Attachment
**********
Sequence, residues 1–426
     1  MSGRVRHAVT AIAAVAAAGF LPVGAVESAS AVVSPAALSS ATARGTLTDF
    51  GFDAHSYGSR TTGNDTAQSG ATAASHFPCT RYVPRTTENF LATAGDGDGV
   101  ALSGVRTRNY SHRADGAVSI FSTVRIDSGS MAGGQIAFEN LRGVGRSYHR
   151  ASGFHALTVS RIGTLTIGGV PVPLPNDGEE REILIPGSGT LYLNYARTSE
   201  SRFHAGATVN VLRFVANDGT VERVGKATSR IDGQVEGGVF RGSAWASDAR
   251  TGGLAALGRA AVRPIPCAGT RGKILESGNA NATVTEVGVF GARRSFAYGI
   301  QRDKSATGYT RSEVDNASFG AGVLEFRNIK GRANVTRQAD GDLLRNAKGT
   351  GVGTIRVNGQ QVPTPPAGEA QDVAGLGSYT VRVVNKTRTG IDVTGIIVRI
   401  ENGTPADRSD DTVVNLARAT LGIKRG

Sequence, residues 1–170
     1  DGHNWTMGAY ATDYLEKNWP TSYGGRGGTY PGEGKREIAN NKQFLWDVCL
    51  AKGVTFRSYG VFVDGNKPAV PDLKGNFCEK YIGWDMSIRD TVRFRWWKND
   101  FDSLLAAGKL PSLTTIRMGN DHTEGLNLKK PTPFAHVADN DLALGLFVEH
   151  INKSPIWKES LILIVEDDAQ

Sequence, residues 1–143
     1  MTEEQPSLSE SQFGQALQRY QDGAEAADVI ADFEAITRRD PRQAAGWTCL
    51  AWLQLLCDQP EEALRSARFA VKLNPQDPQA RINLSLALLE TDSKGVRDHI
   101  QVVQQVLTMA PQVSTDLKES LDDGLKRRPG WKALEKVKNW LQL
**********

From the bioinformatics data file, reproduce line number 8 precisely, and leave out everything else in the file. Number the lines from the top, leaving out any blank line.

   301  QRDKSATGYT RSEVDNASFG AGVLEFRNIK GRANVTRQAD GDLLRNAKGT